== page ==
Prop 8, “Activist” Judges, Newt, and Civil War

It is emphatically the province and duty of the judicial department to say what the law is. Those who apply the rule to particular cases, must of necessity expound and interpret that rule. If two laws conflict with each other, the courts must decide on the operation of each.— Chief Justice John Marshall

The above quote is from the watershed case Marbury vs. Madison. From Streetlaw.org:

“At the end of President John Adams’ term, his Secretary of State failed to deliver documents commissioning William Marbury as Justice of the Peace in the District of Columbia.  Once President Thomas Jefferson was sworn in, in order to keep members of the opposing political party from taking office, he told James Madison, his Secretary of State, to not deliver the documents to Marbury.  Marbury then sued James Madison asking the Supreme Court to issue a writ requiring him to deliver the documents necessary to officially make Marbury Justice of the Peace. The Marbury v. Madison decision resulted in establishment of the concept of judicial review.”

There’s been a lot of talk for a long time (I’ve noticed it mainly in the Republican party) about so-called “Activist” Judges. The idea being that a judge who makes a ruling with political impact must necessarily have been acting to further her own political interests. Notably, this complaint is only made about judges who make decisions that the politician disagrees with.

As a recent example, Newt Gingrich posted the following on his website in response to the Prop. 8 ruling:

“The Constitution of the United States begins with ‘We the People’; it does not begin with ‘We the Judges’. Federal judges need to take heed of that fact. Federal judges are substituting their own political views for the constitutional right of the people to make judgments about the definition of marriage. The country has been here before. In 1856, the Supreme Court thought it could settle the issue of slavery once and for all and impose a judicial solution on the country. In 1973, the issue was abortion and once again a Supreme Court thought that it could impose a judicial solution on the country once and for all. Judicial solutions don’t solve contentious social issues once and for all. Should the Supreme Court fail to heed the disastrous lessons if its own history and attempt to impose its will on the marriage debate in this country by affirming today’s Ninth Circuit decision, it will bear the burden of igniting a constitutional crisis of the first order.”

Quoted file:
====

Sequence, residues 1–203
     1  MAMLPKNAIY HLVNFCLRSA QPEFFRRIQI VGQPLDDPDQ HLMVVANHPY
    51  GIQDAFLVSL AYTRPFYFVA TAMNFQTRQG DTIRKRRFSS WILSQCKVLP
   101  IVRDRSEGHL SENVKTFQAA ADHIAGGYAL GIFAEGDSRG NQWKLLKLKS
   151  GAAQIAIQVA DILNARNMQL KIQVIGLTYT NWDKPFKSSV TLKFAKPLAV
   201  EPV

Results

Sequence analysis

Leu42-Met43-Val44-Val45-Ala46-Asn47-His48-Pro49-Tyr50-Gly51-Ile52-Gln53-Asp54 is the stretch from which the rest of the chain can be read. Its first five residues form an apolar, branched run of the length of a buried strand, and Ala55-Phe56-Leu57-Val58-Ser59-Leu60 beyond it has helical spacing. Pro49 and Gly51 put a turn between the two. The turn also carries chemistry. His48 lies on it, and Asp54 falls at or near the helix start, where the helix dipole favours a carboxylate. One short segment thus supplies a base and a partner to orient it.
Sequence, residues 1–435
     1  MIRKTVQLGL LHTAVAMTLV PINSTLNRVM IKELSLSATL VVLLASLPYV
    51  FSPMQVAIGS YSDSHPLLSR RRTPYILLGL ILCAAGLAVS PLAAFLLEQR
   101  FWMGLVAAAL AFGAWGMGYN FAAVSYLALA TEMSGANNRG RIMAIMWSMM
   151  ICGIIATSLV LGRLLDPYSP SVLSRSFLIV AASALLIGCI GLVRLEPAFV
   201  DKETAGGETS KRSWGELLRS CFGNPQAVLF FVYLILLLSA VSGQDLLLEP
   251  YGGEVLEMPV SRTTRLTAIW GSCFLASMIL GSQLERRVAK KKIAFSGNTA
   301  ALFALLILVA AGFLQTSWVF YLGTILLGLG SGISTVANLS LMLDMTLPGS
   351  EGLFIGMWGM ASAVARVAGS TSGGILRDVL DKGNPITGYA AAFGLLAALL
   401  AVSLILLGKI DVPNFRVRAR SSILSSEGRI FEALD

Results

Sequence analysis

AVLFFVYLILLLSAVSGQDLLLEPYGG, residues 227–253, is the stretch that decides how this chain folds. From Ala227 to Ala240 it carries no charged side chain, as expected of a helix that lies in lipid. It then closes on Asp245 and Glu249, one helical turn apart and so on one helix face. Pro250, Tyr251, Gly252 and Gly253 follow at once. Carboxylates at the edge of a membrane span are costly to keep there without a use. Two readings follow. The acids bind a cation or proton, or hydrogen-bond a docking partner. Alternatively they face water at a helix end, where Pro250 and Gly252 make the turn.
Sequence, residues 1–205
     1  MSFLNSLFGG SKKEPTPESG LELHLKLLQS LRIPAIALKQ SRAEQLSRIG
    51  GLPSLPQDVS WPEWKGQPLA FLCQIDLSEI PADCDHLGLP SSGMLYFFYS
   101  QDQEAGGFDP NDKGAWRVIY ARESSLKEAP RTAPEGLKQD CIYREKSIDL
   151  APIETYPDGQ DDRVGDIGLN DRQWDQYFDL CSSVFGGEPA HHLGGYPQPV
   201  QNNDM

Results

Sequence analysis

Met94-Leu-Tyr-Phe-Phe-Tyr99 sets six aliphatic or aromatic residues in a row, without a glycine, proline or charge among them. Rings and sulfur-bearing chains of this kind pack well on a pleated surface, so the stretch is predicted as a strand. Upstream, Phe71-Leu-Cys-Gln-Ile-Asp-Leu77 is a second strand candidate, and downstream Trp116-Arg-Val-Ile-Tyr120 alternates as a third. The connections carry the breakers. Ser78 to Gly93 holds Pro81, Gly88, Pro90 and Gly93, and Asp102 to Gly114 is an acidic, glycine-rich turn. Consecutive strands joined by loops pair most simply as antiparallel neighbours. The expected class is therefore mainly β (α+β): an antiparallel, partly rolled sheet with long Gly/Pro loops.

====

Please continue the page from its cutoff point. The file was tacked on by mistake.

So much insanity. In case you blinked, Newty just compared the Prop. 8 decision to the Dredd Scott case. (Am I wrong on this? Dredd Scott was 1857.) The Dredd Scott case basically upheld slavery under the constitution as a “state’s right.” That is, every state had the right to decide whether to abolish or maintain slavery.

This decision was one of many factors that lead to, gee, what was that thing called, The Civil War. In which six to seven hundred thousand Americans died.

Note again, Newt ends his unimaginably insane note by saying, “Should the Supreme Court fail to heed the disastrous lessons if its own history and attempt to impose its will on the marriage debate in this country by affirming today’s Ninth Circuit decision, it will bear the burden of igniting a constitutional crisis of the first order.”

First order means nothing bigger. The only constitutional crisis of the first order was The Civil War. Is Newt calling for states to secede over gay marriage? Is he championing a bloody interstate battle, resulting in untold deaths of American citizens, in order to squelch the rights of the oppressed few?

THAT’S CRAZY.

PS. Dear Newt: There are people who actually read what you write and pay attention to what you say. Oh how I wish that didn’t have to be true.

UPDATE: Additional constitutional crises of the first order might include the circumstances that lead to the current draft of the constitution and the collapse of the articles of confederation. Not even things like the Patriot Act or the Monroe Doctrine have had anywhere near so great an impact as the division over slavery and the subsequent secession of southern states. Newt is a self proclaimed historian. He should know this.

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2 thoughts on “Prop 8, “Activist” Judges, Newt, and Civil War

  1. I believe you are correct per Dred Scott.

    Perhaps the most absurd quote from a politician I heard in regards to this court ruling was from Mr. Frothy on Twitter:
    “7M Californians had their rights stripped away today by activist 9th Circuit judges. As president I will work to protect marriage.”

    What rights were stripped? The right to be a bigot and withhold rights from other American citizens?

  2. Scott pointed out that I didn’t really unpack Newt’s quote enough. I started to add more to the post but dang I have a headache.

    The fact that Santorum is even still in the race is evidence only that the right-wing is divided against itself.

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